Diablo 3 Preview
An early peek at the long-awaited third installment of the legendary franchise.
On May 15 one of the most anticipated games of the year, which has been in development for an unusually long period of time, finally gets released to the public. I’m talking about Blizzard Entertainment’s Diablo 3. It’s been twelve years since Diablo 2 was released and this third installment in the incredibly popular franchise was announced way back in June of 2008. This past weekend Blizzard had a free public open beta for Diablo 3 to stress test their servers and so forth so I used the opportunity to give the game a once over to see if it’s something assistive technology users should be looking forward to. And of course I wanted to see if the game lives up to its predecessors and perhaps improves upon them.
For whatever reason Blizzard has decided that you will need a constant Internet connection to play Diablo 3, even if you’re just playing single player mode. I’m not certain if this is solely due to piracy concerns or if it has something to do with all the online features integrated into the game? Or perhaps a combination of both? Either way when news of this broke a fair number of people weren’t too happy about it. Since I would be playing the game on a desktop with an always on Internet connection it makes no difference to me but if you plan on playing it on a laptop that doesn’t always have an Internet connection then you might have a problem with this. So be forewarned! You’ll also need to make a BattleNet account with Blizzard upon installing the game if you don’t already have one. It’s also probably a good idea to check the system requirements before purchasing this game. It’s not one of the most demanding of games but it’s not one of the least either. I’ve heard of people that were in the closed beta complaining of poor frame rates, particularly in the Macintosh version. I personally do not see any slowdowns at all while playing. I maintained an average of about 30 frames per second which is perfectly fine in my opinion but I’m using a 2009 27" I7 iMac. Not exactly top-of-the-line anymore but still pretty decent.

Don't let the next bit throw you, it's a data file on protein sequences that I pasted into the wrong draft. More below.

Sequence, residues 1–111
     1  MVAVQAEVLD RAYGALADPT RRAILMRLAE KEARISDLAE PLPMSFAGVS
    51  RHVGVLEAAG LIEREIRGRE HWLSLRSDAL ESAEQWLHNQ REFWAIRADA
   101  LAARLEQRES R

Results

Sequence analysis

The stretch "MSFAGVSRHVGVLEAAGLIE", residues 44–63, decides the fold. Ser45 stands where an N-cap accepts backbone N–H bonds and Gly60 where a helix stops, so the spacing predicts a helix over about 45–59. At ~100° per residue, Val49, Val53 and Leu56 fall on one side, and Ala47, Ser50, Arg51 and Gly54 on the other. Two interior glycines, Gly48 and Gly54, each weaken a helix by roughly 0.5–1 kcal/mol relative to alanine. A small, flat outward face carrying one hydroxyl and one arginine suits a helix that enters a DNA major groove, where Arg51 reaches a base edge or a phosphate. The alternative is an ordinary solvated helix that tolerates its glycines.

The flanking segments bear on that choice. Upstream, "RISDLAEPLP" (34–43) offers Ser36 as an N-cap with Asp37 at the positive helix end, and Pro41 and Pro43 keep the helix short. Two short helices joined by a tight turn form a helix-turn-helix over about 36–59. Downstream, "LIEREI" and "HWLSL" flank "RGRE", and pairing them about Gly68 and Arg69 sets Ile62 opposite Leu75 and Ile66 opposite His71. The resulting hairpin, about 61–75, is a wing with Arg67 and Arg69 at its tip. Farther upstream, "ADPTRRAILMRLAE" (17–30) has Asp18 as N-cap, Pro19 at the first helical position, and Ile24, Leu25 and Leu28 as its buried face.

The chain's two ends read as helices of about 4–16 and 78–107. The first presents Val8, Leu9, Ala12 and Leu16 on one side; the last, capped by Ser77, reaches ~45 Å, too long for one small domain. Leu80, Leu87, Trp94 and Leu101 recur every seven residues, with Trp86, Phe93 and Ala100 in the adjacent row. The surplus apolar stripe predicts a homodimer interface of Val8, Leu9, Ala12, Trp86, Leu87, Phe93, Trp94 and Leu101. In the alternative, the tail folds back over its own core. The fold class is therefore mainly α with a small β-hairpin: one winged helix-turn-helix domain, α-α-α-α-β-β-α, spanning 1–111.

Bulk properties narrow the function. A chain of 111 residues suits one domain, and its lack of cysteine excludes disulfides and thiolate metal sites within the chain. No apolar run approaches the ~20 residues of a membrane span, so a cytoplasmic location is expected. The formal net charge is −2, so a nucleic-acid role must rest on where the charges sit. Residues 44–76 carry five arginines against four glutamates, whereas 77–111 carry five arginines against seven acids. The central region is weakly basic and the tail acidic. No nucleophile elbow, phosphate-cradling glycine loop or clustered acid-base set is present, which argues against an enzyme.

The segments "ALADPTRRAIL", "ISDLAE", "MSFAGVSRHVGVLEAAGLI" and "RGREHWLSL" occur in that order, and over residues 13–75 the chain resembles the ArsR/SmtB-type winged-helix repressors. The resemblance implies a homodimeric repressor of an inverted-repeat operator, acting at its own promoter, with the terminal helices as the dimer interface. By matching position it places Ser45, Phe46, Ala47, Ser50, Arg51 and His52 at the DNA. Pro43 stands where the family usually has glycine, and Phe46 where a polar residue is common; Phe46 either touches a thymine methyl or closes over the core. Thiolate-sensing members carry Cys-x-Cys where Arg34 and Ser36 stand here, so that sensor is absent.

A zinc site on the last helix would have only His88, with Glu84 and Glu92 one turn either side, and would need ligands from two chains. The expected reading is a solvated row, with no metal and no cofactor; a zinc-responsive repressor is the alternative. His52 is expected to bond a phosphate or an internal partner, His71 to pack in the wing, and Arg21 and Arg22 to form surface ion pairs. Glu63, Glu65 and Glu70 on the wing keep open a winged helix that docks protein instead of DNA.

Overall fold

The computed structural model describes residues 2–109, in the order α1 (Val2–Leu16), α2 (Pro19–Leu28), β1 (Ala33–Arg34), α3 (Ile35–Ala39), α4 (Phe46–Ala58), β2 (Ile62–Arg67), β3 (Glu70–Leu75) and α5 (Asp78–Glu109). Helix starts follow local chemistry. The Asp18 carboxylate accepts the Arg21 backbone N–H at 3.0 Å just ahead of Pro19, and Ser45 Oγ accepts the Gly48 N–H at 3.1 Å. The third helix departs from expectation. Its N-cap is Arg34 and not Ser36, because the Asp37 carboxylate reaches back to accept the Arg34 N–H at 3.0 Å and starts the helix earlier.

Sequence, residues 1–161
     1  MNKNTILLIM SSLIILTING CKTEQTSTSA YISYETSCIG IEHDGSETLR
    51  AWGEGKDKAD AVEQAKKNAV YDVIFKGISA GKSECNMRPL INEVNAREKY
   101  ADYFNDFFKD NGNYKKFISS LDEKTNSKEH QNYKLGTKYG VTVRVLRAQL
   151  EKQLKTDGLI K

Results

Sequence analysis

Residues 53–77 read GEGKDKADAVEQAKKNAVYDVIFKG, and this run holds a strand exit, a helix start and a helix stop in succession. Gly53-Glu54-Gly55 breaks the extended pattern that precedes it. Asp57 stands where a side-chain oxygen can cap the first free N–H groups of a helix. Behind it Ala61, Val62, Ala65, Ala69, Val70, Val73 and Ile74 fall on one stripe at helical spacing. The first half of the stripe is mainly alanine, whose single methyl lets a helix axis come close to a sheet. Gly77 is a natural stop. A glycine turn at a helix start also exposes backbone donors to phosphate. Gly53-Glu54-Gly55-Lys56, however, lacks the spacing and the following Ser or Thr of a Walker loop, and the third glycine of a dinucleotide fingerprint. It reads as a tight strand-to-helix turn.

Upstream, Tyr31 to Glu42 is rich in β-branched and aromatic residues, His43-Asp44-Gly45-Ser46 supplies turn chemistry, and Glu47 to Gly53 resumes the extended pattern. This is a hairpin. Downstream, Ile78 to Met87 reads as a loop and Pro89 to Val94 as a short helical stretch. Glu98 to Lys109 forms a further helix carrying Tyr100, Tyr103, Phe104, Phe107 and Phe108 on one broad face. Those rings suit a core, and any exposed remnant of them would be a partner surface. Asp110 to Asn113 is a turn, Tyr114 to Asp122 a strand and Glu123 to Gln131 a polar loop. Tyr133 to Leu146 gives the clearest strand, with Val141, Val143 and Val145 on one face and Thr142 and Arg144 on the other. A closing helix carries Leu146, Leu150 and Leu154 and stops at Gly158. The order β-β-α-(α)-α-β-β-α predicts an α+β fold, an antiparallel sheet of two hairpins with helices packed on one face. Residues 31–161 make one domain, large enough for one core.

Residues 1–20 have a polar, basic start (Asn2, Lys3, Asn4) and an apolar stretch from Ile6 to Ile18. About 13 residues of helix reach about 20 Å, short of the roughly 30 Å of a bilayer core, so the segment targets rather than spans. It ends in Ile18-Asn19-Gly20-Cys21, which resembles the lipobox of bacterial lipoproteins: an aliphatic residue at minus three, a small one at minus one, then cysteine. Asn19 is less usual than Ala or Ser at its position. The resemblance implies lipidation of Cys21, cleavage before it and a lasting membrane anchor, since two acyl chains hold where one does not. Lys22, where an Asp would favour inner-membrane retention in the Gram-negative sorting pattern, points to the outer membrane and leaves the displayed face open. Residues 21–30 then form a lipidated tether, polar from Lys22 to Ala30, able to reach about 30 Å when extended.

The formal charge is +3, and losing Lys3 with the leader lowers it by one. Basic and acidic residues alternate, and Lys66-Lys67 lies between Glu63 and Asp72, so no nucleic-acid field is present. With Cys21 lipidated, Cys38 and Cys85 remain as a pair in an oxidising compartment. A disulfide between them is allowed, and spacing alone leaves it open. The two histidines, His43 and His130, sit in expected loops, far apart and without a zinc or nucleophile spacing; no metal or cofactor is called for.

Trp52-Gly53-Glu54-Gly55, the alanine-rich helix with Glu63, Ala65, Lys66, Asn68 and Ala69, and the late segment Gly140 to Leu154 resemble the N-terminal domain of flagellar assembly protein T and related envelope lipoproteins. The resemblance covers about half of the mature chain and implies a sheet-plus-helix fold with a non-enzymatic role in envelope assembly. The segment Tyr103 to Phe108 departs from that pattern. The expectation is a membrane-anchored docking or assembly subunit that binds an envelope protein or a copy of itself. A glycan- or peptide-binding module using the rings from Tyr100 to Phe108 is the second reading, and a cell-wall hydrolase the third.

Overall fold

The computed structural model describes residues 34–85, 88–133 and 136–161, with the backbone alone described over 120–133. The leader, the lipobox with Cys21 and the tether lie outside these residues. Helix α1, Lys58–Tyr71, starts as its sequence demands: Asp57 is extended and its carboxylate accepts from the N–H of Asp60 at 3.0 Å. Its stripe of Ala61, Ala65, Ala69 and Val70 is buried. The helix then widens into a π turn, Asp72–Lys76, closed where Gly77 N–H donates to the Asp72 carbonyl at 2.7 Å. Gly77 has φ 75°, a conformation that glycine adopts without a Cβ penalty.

There’s a number of new features and additions to the Diablo franchise. There’s four new classes (the Wizard, the Witch Doctor, the Demon Hunter, and the Monk) along with the returning Barbarian class. I tried the Wizard and Witch Doctor during the free open beta. I have to say of the two I preferred the Wizard. It seemed like I was able to sit back more from a distance and wreak massive amounts of havoc with that class which is what I prefer because melee combat isn’t my forte. The Witch Doctor has some interesting spells as well but they just weren’t as powerful to me. However bare in mind that I only got to play the game for around eight hours before the free open beta ended. Other new features include skill runes, followers, crafting and artisans, and PVP arenas that will be added post-launch. You can read all about the new features in Diablo 3 here.
The presentation in Blizzard’s games is always of the highest quality and that tradition continues with Diablo 3. In the free open beta I traveled through dank swamps, ancient cathedrals, and creepy dungeons, among other things, and they all looked absolutely fantastic using Diablo’s customary isometric viewpoint. The characters and monsters are detailed and the animation is fluid. The world is also filled with destructible objects (also new to the Diablo franchise) so you can knock walls down and even pull chandeliers down on top of your opponents. It’s an impressive sight and quite gratifying. Interestingly there doesn’t appear to be any prerendered cutscenes like in past Diablo games. However, there are short cutscenes of sorts using the in-game engine that advance the storyline. I read somewhere that Blizzard no longer wanted long prerendered cutscenes that interrupted the flow of play or something like that. I can understand where they’re coming from but I think I would prefer if they had kept those in. Either way it doesn’t affect gameplay though.